No More RegretsMonday, March 11, 2013
|Alexandra Elizabeth Waterhouse-Hayward|
Baja California, 1973
My eldest daughter Alexandra Elizabeth Waterhouse-Hayward will be the last of the Waterhouse-Haywards. Since I have no male issue, when I am gone, my name, unique to me will be lost but I do not see this with having any consequence or lasting importance.
My daughter Ale has chosen a single life and from her home in Lillooet she dotes via long distance or by frequent tortuous trips in her vehicle on that curvy Lillooet through Pemberton highway with her two granddaughters, Rebecca Anne and Lauren Elizabeth (both Stewarts).
There is not one week that may pass where our daughter Ale (pronounced: A-leh) who will be 45 this August does not tell us how grateful she is to us for forcing her to finish university or not allowing her to abandon her guitar lessons (she is a fine sight reader).
If anything my daughter (she is Rosemary’s too but here I want to go at it alone) is doing what I never did to my regret. I never told my mother I loved her and I rarely ever thanked her for all her sacrifices in making sure I received the best education money could buy,
My daughter Ale’s house in Lillooet I have often likened to a shack. Ale has been justifiably angry, almost bitter, with my constant criticism.
When I returned from Buenos Aires in 1967 I had hair down to my shoulders. I read Ramparts and called myself a hippie. I was a hippie only in name. I did not indulge in drugs or free love or any of that stuff that made hippies hippies.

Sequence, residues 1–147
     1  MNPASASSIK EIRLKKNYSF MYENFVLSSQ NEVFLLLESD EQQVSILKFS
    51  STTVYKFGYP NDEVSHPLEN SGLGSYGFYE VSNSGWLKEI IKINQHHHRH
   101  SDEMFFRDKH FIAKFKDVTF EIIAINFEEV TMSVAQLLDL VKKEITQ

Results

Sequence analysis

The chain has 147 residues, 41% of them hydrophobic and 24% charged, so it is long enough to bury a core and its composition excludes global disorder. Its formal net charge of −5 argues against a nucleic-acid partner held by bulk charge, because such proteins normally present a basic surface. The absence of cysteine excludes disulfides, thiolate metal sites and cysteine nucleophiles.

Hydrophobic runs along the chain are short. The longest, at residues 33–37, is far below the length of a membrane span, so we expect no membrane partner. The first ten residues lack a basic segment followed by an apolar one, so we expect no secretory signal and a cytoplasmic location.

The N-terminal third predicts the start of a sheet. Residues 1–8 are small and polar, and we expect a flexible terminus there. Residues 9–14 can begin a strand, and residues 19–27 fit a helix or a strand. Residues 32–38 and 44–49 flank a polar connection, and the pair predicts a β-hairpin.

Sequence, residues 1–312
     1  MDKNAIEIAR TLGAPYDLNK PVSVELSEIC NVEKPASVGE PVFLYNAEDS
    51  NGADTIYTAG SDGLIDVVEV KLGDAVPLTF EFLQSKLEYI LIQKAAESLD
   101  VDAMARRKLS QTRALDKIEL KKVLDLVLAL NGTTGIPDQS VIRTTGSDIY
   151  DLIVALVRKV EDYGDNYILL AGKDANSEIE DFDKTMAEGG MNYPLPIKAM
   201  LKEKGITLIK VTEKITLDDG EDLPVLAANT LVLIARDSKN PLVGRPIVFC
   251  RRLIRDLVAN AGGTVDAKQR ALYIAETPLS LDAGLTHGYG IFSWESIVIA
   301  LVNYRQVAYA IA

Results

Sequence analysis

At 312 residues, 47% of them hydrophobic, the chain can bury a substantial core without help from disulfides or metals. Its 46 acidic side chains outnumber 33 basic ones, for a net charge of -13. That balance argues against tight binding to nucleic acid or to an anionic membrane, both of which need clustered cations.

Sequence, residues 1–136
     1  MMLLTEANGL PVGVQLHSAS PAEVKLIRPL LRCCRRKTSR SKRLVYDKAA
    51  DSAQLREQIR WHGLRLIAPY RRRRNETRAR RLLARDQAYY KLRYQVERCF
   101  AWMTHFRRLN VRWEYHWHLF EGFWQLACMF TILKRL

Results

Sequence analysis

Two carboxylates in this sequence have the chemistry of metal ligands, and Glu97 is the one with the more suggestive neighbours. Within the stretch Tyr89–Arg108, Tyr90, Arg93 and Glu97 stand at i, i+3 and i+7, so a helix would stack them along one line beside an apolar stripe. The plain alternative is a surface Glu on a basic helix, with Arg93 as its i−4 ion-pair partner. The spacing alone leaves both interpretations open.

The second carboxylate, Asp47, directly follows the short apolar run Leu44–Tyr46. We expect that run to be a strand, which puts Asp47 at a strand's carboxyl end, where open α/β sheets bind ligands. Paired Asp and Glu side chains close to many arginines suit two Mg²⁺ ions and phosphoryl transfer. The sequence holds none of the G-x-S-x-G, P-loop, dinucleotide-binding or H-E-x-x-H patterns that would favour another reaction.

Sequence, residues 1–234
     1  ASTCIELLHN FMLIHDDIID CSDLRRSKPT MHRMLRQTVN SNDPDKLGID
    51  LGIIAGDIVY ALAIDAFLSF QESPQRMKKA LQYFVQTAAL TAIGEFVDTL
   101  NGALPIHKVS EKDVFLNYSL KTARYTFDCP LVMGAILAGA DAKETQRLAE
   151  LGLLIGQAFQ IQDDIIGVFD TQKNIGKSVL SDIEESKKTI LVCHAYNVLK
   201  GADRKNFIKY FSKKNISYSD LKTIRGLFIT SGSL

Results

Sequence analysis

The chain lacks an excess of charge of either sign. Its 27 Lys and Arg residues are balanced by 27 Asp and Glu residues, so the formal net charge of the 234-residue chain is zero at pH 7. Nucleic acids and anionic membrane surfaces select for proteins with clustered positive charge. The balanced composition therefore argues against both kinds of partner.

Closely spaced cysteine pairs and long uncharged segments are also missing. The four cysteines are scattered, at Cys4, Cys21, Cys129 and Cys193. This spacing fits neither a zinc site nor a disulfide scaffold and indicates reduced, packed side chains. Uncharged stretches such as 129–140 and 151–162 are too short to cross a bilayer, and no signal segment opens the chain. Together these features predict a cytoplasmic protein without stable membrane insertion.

I remember being with a friend in his house in the Haight-Ashbury district in San Francisco in 1967. I was sipping on my father’s Argentine mate. I invited the folks in the bottom floor to try it. Puffing their pot they told me they weren’t too sure as my mate seemed to them to be some sort of addiction.
I returned to Mexico City and got a haircut. I have been too straight-laced a man to ever let go as so many of my friends have urged me to do.
Our daughter Ale is that free spirit I never was. She is a hippie of the 21st century, always calling us when her heart desires her to. I find this (sometimes) offensive. I want to make her the way I am. But most of the time I know that if I could I would do the same.
Christmas until recently was her opportunity to shower us with gifts in great quantity until I put my foot down and told her what she had often told me,” I don’t want more stuff.” She has kept my request and this last Christmas she offered up a dizzying array of consumables.
From my mother, grandmother, my wife and even from me, Ale has inherited the talent and passion of teaching. She always wanted to teach children from aboriginal communities. This she does with delight in Lillooet. She gardens in a harsh climate that is dry most of the year, bitterly cold in the winter and in the summer it competes with Lytton for the hottest spot in Canada.
Ale does not have a husband, a partner or a paramour. She has made her choice or perhaps she was never lucky. Or maybe, even, she had indeed been lucky. I sometimes wonder what it must be like to live with only a cat. I cannot live without my Rosemary and on days when she is not around I am lost. It seems that Ale has found solitude as an asset in her life.
When I look at her, and she smiles often (she has that happy-go-lucky attitude of some Mexicans) but I see in her face a sadness (an acceptance of the inevitability of death which is an ever present thought of most Mexicans) that breaks my heart. I want to comfort her and tell her that she is not alone and that we are here for as long as we will be here.
I see in both of our Mexican born daughters, vestiges of my mother, the woman I loved but never told her. I regret that omission and I must make sure and make it plain to Ale and Hilary that I do love them. I could not live with more regret than the one I live with now.